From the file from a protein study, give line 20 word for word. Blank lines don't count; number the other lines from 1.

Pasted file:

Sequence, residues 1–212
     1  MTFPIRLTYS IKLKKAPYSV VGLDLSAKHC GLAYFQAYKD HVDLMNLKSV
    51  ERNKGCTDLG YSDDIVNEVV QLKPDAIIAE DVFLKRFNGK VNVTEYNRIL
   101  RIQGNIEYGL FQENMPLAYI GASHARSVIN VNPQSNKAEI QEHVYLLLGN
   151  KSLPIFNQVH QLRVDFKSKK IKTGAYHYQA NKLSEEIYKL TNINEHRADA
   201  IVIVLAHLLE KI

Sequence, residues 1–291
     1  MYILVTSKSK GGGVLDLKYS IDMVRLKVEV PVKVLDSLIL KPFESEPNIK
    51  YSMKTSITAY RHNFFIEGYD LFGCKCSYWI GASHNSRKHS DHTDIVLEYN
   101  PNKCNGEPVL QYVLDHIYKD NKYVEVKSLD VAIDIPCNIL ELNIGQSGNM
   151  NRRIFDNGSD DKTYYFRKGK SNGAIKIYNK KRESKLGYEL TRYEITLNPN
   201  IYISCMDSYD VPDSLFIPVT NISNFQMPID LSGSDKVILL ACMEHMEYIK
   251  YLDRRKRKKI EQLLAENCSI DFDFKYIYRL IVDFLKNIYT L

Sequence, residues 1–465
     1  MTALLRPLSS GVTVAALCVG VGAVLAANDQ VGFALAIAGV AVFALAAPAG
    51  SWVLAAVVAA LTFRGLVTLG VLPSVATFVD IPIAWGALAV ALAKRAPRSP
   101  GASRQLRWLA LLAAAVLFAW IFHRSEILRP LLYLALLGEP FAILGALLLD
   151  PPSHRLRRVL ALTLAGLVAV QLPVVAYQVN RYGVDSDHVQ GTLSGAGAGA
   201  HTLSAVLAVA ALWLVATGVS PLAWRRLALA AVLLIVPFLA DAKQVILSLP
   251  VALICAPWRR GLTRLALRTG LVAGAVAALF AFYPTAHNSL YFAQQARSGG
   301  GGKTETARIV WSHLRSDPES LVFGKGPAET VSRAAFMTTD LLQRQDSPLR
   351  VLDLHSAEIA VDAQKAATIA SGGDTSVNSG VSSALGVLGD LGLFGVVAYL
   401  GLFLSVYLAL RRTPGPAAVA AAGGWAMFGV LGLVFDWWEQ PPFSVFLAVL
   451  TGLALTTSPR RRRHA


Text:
   251  VALICAPWRR GLTRLALRTG LVAGAVAALF AFYPTAHNSL YFAQQARSGG